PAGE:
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Old 12-02-2011, 10:21 PM
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Default Coal fire in an Alaska stove

Originally Posted by sspoc6 View Post
I just had an alaska hearth coal stove put in. I have tried to keep the fire going for the past 2 days and doesnt seem to catch for too long, and doesnt seem to feed that well. any suggestions?
I put together few videos, showing how a stoker stove works, and one video shos how to start a fire in a stoker stove.

The one Video you may be interested in looking at, is the one showing the detailed mechanism, my email is somewhere in the video, just email me with any questions

KoalPilot's Channel - YouTube
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Old 02-08-2012, 11:29 AM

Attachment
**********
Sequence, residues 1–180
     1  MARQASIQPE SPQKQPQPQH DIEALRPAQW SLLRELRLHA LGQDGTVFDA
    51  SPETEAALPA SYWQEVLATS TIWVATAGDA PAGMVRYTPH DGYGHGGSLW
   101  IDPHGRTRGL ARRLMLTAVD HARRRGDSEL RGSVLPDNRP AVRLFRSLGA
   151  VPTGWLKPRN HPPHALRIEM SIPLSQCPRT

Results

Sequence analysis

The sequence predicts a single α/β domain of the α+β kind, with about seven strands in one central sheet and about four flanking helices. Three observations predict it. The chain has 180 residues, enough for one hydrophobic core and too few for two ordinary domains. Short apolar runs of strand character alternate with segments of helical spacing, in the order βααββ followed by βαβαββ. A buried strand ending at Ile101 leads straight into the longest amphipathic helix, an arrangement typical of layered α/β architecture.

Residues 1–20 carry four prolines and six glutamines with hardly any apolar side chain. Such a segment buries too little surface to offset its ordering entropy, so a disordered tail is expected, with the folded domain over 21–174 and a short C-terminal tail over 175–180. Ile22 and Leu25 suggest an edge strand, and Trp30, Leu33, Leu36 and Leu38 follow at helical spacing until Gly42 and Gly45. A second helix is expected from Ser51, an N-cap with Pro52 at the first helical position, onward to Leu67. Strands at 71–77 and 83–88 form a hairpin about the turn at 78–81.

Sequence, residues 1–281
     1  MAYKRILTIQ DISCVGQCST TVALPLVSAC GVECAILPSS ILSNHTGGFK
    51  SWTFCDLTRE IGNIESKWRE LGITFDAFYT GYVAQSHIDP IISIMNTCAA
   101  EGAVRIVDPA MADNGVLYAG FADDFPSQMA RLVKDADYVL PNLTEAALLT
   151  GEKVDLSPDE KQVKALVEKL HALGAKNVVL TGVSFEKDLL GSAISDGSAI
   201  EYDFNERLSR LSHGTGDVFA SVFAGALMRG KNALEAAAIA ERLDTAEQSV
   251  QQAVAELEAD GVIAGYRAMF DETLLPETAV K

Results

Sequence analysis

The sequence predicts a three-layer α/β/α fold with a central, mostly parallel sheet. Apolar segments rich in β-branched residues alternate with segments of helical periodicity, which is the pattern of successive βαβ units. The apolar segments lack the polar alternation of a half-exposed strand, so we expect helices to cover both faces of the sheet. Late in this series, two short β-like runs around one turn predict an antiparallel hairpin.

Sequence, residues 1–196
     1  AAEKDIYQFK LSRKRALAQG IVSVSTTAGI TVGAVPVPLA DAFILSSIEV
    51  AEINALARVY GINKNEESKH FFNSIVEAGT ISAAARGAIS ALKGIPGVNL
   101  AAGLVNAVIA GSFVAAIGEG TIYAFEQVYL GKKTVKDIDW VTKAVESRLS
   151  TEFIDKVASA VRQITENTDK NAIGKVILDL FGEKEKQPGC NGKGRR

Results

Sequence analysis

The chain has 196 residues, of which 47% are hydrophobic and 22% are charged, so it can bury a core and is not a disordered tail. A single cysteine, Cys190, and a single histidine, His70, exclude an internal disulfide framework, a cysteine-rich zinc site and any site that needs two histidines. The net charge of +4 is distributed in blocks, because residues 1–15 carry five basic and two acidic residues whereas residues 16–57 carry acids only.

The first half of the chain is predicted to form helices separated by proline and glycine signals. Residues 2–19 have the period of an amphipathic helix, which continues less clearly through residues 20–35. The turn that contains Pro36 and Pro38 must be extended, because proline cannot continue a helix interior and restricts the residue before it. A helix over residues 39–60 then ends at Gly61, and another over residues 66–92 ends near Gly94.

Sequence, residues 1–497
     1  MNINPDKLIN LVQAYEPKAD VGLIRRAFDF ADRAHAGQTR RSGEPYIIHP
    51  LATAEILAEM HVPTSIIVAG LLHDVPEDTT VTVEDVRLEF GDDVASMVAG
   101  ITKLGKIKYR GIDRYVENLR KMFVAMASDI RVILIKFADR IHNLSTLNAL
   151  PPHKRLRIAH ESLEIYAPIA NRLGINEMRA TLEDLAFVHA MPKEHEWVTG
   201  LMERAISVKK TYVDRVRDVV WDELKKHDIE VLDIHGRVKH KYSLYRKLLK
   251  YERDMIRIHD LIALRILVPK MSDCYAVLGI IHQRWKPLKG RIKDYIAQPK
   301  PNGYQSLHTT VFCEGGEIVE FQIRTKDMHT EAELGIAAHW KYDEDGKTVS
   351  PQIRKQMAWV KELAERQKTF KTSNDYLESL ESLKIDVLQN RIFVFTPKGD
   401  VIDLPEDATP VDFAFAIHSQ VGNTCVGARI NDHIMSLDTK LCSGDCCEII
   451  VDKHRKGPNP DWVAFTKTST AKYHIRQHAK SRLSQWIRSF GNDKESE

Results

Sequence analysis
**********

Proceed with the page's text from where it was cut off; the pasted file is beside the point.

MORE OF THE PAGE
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I just discovered the easiest way to start a coal fire in my Franco-Belge coal stove. I bought a Weber charcoal chimney. In the bottom of this you put newspaper. In the top you put a good amount of charcoal briquets. Start the newspaper--out in your driveway. Let it burn down about 15 minutes. At this point, you'll have glowing coals.

Put a layer of unburned charcoal briquets in the bottom of your coal stove. Then carefully shovel (with a stove shovel) the burning coals onto those unburned briquets. Let that burn for a bit and then put a small amount of coal on top. After everything gets burning, load on more coal.

I've tried all the other methods. This method works every time for me--and no smell to speak of. Don't use the match-light charcoal, though. Be careful of embers when you load the burning coals...
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Old 09-29-2012, 05:38 AM